In late summer of 2017, a coalition affiliated with former Senator Michael Roberson initiated recall petitions against three sitting State Senators – Joyce Woodhouse, Nicole Cannizzaro and Patricia Farley.
Woodhouse was in her last term. Cannizzaro – who was recently made Senate Majority Leader after the resignation of Kelvin Atkinson – had just been elected the year before to her first term. And Farley had announced she would not be running for reelection because she was going to be foster parenting her two nieces.
The recalls listed no reason why voters should remove the Senators from their elected offices. They didn’t need to list a reason. State law only lists the rules for filing, collecting and counting signatures.
A new bill does not list specific reasons for recalling elected officials, but it does aim to make the collecting and counting procedures more stringent in the hopes of deterring frivolous recall elections.
SB450 would require people submitting a recall petition to pay for all costs associated with the recall – including counting signatures from voters to have a special election. They would also have to pay a deposit to start the recall process.
The bill, sponsored by Senator James Ohrenschall’s Committee on Legislative Operations and Elections, would also require all signatures to be counted. Existing law requires only 5 percent to be counted. That provision ended up in court, with U.S. District Judge Jerry Wiese ordering the Clark County Registrar to count all petition signatures.
After appeals, Cannizzaro and Woodhouse are awaiting a Supreme Court decision on the matter. Not enough signatures were collected in Farley’s district, which is now represented by Marylin Dondero-Loop, whom Farley had defeated in 2014.
The new law also doubles down on the ability for people to take their signatures off of a recall petition.
Many people whose names were on recall petitions said they did not sign, or that they were harassed into signing.
In fact, while presenting the bill, Ohrenschall recounted talking to people who were horrified to find their names were on recall petitions for Cannizzaro.
As the Senators and their supporters were going door to door to encourage people not to sign any petitions, they heard stories of people being told that signing a petition would support the Senator facing recall. Canvassers even had “Decline to Sign” cards, even as they were asking people to sign.
“I talked to many voters who were not aware that their name was on any petition, not aware they had signed a petition on a Senator they loved,” Ohrenschall told the committee about his time walking Cannizzaro’s district.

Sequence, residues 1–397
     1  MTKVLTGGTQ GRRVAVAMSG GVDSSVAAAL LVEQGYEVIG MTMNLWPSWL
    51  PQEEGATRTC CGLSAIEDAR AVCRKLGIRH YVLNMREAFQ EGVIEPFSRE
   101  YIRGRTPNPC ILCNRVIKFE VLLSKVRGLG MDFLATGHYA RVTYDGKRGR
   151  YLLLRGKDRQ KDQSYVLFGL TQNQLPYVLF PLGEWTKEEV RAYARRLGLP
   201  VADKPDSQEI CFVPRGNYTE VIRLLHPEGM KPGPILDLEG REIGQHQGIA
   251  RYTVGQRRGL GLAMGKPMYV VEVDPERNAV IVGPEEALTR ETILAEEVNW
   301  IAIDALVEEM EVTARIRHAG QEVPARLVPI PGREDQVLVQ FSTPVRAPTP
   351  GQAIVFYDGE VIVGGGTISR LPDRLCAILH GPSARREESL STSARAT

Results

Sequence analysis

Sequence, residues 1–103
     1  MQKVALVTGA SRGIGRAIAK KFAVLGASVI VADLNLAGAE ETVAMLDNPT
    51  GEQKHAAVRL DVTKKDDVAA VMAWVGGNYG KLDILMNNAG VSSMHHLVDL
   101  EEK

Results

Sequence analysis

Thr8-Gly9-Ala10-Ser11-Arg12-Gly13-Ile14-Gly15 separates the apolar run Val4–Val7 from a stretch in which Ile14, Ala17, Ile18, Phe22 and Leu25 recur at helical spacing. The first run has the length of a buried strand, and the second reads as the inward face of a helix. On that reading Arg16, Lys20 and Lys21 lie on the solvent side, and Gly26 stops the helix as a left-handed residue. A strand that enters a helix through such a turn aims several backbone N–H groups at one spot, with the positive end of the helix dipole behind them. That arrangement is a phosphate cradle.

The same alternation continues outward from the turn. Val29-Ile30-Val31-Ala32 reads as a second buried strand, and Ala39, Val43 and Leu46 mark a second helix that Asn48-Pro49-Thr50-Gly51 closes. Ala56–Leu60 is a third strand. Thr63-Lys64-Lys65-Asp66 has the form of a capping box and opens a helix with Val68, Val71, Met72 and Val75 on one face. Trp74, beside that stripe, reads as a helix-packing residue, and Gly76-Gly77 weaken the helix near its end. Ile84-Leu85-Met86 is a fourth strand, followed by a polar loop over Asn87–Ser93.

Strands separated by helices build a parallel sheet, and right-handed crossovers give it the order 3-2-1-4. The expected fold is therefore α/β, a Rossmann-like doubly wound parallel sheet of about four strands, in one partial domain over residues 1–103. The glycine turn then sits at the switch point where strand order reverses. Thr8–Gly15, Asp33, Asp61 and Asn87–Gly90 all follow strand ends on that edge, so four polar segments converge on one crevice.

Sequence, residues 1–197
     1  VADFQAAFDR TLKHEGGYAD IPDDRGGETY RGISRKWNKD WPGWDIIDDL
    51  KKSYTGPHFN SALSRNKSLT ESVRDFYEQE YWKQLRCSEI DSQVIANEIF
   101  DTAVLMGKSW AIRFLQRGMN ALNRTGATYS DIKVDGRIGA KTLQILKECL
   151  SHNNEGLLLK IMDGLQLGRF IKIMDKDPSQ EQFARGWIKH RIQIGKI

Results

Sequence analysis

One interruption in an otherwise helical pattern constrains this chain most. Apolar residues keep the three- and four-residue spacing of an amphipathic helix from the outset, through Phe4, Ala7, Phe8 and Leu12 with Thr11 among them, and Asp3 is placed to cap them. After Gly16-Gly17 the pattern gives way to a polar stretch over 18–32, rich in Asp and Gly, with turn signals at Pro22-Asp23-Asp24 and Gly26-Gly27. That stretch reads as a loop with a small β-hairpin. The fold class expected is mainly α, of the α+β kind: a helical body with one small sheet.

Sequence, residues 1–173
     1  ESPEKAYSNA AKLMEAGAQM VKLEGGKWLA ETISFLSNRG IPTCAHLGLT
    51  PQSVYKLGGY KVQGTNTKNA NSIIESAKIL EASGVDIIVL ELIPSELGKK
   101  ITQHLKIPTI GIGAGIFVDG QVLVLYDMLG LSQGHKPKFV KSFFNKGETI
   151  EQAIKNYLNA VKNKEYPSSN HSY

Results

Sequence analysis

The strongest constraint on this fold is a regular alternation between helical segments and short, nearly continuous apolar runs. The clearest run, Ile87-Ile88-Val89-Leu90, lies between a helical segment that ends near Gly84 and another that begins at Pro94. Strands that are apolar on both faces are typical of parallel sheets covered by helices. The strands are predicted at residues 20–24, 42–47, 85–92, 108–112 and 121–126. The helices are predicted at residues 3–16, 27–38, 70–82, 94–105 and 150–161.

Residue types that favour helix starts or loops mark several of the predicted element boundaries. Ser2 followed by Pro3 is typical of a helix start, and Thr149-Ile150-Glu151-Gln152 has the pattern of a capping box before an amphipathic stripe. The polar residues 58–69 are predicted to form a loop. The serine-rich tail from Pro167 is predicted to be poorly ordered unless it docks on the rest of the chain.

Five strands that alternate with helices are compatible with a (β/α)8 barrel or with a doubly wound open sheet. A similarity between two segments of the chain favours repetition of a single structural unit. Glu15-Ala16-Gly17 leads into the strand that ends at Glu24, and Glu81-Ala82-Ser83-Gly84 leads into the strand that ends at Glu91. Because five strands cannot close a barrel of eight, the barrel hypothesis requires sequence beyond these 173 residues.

Farley testified about going to a home in Woodhouse’s district that “looked like it had been empty for months,” but the names of the former tenants were on a petition.
“I came to a gentleman who was a registered Democrat. He had been told that Joyce Woodhouse was under investigation for embezzlement from the school district, and that is why they were recalling. I had to explain to that voter that in that case, it would be a criminal matter not an election matter,” Farley told the committee in a hearing on April 10.
“Needless to say I was just shocked by the process – the out and out lies.”
SB450 would also punish people who procured signatures by nefarious means. Signature collectors would be subject to a category E felony for lying to people to get them to sign, and a separate felony for obtaining that signature.
Kevin Powers, counsel to the committee said the penalties are the same as general election penalties, which would come with the possibility of one to four years in prison.
The bill would also limit campaign contributions to candidates in a recall election. And it would require candidates to dispose of the money collected for a special election campaign, rather than use it for a future election.
Maureen Schafer, executive director of the Council for a Better Nevada testified in support of the bill. “Recall election law has become a growing interest to our organization after witnessing the last few election cycles where this provision was used more as a political tool between parties rather than any concern about impropriety.”